In the illustrated embodiment of FIG. 1, three lamps in a row, one shown at 34 are mounted in registration with the rows of openings in station separating board 66 and printed circuit board 64. In other words, one lamp illuminates three pairs of openings, the system being such as to rely on the separation provided by the openings for preventing cross talk between the different transducer channels. Lamps 34 are shown as being of the incandescent type. Because of the low power requirements of photo-field-elfect transistors, these lamps can be operated at well below their normal rated levels so that total operating life is maximized. In an alternative embodiment, these incandescent miniature lamps are replaced by light sources of the type shown in FIGS. 6 and 7. Each of these light sources includes a base having a downwardly projecting support pin and an upwardly directed cup 112 that has a window 114 at its windowed extremity. Within the cup is a self luminous chemical, for example a phosphor crystal such as stilbene, and a sealed vial of a chemically inert gaseous radio-isotope, such as krypton 85. Because of the extreme sensitivity of the photo-field-effect transistor, the relatively weak light provided by such a self luminous light source is adequate and almost totally eliminates failure of the light source.
The circuitry to be described below is mounted on circuit boards 35,36, which as shown in FIG. 1, are bolted to a block 116 and in turn is bolted to the closed cap of cover 24. The inner extremities of board 35, 36 are separated by suitable block 118, which is connected to boards 35, 36 by suitable bolts to provide a rigid construction. This circuitry is shown in association with a fragmentary part of the disk in FIG. 8.
The circuit illustrated in FIG. 8 is of the type in which a pair of analog position signals of the form E=E sin 21rn0 and 1E=E cos 21rn0, where E is instantaneous amplitudes, E is maximum amplitude, 1/12 is period dura tion and 0 is instantaneous angular displacement. Channel for the first code track generally includes a pair of photo-field-eifect transistor circuits 132, 133 for presenting signals of the foregoing type to the remainder of the channel in square wave form. Circuits 132 and 133 are identical. In each, the drain 138 is connected to B+; and the gate 142 and source are connected to B respectively through a pair of resistors 144, 146. The output is applied from the source to an integrated circuit arrangement having first, second and third amplifiers 148, and 152. One of the sinusoidal wave forms is applied to first amplifier 148 as well as to second amplifier 150. The output of first transistor 148 is applied to third amplifier 152. The outputs of first and second amplifiers 148, 150' are applied to third amplifier 152. Coupling is effected through a pair of resistors 154, 156 to provide a regenerative Schmidt trigger function. The arrangement is such that circuits 132, 133 provide quadrature signals at 158, 160, 162, 164.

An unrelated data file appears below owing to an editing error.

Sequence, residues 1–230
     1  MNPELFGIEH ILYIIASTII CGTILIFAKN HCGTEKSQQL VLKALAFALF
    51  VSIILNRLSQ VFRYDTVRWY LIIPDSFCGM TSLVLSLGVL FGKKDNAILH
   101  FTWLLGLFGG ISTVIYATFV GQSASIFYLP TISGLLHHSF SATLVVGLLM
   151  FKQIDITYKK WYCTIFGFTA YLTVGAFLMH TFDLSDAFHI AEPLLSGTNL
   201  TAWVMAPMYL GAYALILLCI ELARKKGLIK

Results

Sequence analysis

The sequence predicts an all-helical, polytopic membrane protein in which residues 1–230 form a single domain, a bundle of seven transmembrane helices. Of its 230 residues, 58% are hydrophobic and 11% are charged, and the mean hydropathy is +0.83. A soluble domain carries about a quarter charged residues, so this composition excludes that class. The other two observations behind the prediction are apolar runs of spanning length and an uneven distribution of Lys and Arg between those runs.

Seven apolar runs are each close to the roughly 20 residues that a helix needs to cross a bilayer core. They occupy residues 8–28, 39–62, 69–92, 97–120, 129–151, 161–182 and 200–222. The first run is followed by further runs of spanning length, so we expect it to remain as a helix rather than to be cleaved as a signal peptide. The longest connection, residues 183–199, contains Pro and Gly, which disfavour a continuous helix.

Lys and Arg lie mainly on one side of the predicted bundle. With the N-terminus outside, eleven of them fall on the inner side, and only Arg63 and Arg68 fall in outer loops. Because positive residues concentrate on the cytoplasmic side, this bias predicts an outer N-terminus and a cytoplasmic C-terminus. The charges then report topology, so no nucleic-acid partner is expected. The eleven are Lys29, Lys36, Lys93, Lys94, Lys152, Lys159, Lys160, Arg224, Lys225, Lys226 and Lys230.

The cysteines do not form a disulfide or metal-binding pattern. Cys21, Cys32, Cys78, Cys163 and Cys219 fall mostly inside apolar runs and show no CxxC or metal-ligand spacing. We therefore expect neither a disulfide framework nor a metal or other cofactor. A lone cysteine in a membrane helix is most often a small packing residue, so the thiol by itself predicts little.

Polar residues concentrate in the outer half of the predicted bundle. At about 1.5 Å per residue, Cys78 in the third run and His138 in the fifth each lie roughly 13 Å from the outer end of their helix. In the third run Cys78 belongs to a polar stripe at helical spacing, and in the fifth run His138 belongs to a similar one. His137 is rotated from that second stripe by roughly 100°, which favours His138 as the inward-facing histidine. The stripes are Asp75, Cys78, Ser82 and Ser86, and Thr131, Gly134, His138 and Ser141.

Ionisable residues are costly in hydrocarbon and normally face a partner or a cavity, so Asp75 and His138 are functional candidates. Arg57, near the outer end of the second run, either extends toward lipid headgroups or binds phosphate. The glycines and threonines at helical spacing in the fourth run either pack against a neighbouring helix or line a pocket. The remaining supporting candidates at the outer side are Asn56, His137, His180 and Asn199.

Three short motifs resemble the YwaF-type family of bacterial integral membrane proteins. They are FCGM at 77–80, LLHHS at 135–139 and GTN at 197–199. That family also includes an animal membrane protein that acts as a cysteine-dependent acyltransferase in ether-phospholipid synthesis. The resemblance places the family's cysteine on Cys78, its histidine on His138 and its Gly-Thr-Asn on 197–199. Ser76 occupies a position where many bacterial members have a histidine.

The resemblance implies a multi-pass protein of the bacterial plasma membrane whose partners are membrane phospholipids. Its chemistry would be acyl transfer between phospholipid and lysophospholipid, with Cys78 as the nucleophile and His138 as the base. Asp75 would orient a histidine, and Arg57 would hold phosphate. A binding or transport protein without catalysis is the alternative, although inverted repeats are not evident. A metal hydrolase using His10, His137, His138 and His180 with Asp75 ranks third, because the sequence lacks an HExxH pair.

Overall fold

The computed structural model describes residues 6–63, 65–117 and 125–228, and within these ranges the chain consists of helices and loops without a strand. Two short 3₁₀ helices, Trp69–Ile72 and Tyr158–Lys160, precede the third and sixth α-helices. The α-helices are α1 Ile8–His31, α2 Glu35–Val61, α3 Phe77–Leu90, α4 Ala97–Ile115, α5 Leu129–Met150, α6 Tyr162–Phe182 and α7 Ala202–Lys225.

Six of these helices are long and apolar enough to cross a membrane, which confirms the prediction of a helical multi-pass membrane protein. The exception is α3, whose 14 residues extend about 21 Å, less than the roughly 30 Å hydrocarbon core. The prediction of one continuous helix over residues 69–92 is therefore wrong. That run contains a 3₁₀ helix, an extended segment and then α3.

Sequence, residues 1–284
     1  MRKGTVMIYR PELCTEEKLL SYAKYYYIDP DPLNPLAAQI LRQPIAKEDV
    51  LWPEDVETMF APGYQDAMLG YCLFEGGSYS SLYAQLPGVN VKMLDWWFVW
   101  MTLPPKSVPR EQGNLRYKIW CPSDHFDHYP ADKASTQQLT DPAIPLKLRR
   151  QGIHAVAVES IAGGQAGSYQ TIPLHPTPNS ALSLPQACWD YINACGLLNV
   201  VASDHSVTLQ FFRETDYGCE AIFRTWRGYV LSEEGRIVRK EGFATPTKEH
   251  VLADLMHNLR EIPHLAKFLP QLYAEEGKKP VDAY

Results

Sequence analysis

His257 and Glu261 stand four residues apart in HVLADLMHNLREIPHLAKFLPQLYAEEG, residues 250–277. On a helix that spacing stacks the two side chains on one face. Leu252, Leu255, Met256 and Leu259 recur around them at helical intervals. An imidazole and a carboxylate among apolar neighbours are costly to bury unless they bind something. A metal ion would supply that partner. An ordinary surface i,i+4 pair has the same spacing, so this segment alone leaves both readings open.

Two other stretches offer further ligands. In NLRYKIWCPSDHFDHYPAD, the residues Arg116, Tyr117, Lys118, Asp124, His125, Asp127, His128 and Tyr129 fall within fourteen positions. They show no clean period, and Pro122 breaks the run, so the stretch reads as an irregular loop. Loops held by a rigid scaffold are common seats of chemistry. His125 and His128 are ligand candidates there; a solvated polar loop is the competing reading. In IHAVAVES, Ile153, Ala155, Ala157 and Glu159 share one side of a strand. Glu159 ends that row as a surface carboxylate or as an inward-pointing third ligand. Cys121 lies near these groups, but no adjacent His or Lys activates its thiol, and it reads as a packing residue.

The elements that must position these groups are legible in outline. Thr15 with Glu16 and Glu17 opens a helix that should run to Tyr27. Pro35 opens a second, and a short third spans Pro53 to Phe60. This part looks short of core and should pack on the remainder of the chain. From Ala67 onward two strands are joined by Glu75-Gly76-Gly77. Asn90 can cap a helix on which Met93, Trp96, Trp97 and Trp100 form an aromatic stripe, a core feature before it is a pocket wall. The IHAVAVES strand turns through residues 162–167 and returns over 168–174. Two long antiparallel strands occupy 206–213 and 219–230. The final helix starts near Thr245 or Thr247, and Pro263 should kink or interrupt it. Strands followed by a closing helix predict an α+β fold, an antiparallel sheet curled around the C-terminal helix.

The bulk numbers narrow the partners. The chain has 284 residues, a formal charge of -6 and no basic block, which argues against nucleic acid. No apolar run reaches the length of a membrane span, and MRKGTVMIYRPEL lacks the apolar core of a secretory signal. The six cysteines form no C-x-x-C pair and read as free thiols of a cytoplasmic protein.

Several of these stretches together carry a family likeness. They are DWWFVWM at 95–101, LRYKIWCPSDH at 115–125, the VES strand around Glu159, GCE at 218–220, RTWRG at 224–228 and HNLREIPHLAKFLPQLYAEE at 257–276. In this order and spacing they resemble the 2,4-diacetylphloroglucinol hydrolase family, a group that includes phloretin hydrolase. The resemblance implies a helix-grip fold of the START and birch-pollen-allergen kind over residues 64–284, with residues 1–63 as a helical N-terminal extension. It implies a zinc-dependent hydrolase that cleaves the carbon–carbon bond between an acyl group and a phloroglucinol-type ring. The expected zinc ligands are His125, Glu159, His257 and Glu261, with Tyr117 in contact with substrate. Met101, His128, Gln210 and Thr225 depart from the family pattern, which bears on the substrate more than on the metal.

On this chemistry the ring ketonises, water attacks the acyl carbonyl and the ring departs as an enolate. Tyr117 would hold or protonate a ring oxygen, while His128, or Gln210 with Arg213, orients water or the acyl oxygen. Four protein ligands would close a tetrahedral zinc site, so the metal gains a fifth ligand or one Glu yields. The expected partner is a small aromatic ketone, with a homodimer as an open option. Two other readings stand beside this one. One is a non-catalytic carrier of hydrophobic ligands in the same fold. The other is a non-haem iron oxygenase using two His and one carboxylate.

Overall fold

These quadrature signals are applied to an exclusive OR logic network 134, having a pair of gates 136, 138, which operate to produce an output signal at 140 which corresponds to the least significant digit. The next-least significant digit is taken from terminal 158.
In considering the information provided by the first track, it is apparent that although a particular portion of a single incremental cycle (a single adjacent opaque increment, clear increment pair) is designated, the identity of no particular one of the multiplicity of incremental cycles of the first code track is designated. Assuming as in the present case a ten digit output, having established the least significant digits as above, it would be conceivable to utilize eight isolated additional tracks in natural binary code. However, possible errors resulting from inaccuracies in the various tracks can be corrected as follows. It is a property of natural binary code that Whenever a change in a more significant digit occurs, it is accompanied by a change in a less significant digit. In the encoder field, an encoder track with more clear increment-opaque increment subdivisions is known as a less significant track, and an encoder track with less clear increment-opaque increment subdivisions is known as a more significant track. This terminology has been adopted because a more significant track renders more information on the absolute position which the encoder is measuring. Stated generally, when several digital indications are designed to change at any given time in logic circuitry, accurate operation of this circuitry requires that they do change at that given time or that some compensatory or carry-over logic circuitry be provided to obviate any unintended change. In other words, as will be discussed below in detail, since it is impossible to provide code tracks in which, as a practical matter, exact coincidence of leading and lagging edges exists, appropriate carryover logic circuitry often is desirable.
The carry over logic circuitry of the illustrated system operates to guarantee that a transition in the signal from the second track occurs simultaneously with a corresponding transition in the first track, a transition in a signal in the third track occurs simultaneously with a corresponding transition in the second track, and so on. Electronically, this guarantee is effected, for illustration, by logically selecting either the lead or lag photo-field-efiect transistors associated with the second track according to whether the next-to-least significant digit from the fine track is a ZERO or a ONE. Such a carry-over logic system guarantees that the transitions in the second track occur simultaneously with the transitions from the first track.